About Me

My photo
Nazareth, Pa., United States

Thursday, January 21, 2010

City Without Limits or Outer Limits?

Can you take Scott Armstrong twice in one week? Are you sure? Before you read any further, please make sure you've taken all your pills. Today is Thursday, so don't take Friday's pills.

Are you sitting down? OK, here's Scott's latest ditty, which is cross-published at Allentown Commentator.

When I was a child there was a popular TV show called "The Outer Limits." It was a serial that explored the unusual, the weird and the paranormal. Upon hearing Mayor Ed Pawlowski's announcement that he has changed the city motto to "City Without Limits," the memory of this long forgotten program instantly came back to mind. The truth is that I and many other residents no doubt feel like we are part of that old program, trapped in a scenario that involves strange nincompoops ruining our city while enjoying the almost robotic support of many of our neighbors. How frightening is this?

Of course, the sane Allentonians can't hope to wake up from this nightmare. The ruination of Allentown isn't a bad dream; it is what we live with everyday and the reality of four more years of Pawlowski and company control is a more frightening prospect than any scenario from that old TV show. Strange, isn't it, a once normal everyday American city becomes almost overnight a place of almost total absurdity where nothing is as it, was, or as it should be while at the same time a voice is telling us , "there is nothing wrong with your city; do not attempt to make any adjustments; we will control this city; sit back, relax, you are experiencing the Outer Limits."


Anonymous said...

Maybe Scott is too young to remember or maybe he didn't grow up in Allentown, but what happened was that a handful of Puerto Rican families moved into town and there was an exodus of Biblical proportions known as "white flight," many many many of whom were REpublicans and more worried about housing values than sticking by their communities. Republicans will always sell their grandmothers for a nickel so they'll stick their community for less. If you want to see a community that didn't abandon its city and stuck together, go across the river to Bethlehem.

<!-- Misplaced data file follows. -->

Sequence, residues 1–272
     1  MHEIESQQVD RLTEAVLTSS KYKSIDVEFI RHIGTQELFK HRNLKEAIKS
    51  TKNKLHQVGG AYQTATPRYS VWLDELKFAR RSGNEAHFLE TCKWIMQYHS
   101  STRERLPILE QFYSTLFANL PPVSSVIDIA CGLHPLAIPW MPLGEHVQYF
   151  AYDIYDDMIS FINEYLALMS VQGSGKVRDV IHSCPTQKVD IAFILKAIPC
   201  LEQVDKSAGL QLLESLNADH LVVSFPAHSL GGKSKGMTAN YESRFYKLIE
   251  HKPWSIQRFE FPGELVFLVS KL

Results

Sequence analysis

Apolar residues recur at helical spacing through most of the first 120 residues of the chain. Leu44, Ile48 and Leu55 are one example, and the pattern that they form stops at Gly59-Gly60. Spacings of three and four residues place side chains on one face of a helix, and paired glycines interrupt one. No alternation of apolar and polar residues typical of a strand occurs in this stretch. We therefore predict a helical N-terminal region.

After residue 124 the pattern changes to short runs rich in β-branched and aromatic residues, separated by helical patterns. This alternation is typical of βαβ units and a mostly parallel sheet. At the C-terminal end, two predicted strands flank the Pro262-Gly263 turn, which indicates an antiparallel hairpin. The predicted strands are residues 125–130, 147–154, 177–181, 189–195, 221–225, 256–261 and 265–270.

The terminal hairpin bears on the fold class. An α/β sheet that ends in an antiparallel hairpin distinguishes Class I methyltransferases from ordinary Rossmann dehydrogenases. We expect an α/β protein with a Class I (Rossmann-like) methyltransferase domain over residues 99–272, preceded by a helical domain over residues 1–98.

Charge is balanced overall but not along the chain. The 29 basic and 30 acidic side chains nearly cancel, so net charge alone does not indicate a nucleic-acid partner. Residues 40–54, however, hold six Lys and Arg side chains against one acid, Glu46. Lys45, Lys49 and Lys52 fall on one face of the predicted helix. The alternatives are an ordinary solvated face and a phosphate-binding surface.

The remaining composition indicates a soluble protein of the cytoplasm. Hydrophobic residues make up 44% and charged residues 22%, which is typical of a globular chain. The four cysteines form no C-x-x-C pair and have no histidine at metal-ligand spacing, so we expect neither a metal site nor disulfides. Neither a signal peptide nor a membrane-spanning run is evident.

Anonymous said...

12:08 is right.

I was not born in the LV (hence I am a furriner) - but I watched what happened over the last 40 years. - The racists abandoned the city because some folks with darker skin moved in - the tax base disappeared - and now the closet racists blame the hispanic and black residents. Typical.

Allentown is doomed - and it was the whites that did the damage. Read David 1206's comments over at the Call comments boards for an example of the sick, twisted minds in the Valley. He hasn't even figured out that most Hispanics aren't from Puerto Rico (and they're US citizens, doncha know.

By 2015, 60% of the citizenry in the US under 16 will be non-white. Change is coming and there is nothing the racists can do about it. By 2050, whites will be the minority in this country.

Anonymous said...

You're wrong about this one. Wake up and smell the coffee.

Repeating the old, "Allentown stinks" mantra is so yesterday. It's what old, bitter white people who deserted the city and now live on a cul-de-sac in the sububurbs where they drink too much do. Meanwhile, there is a distinct movement of young, happening, creative, ethnically diverse dynamos who are the pulse of this dynamic place -- and who have rolled up their sleeves to contribute the life in this city.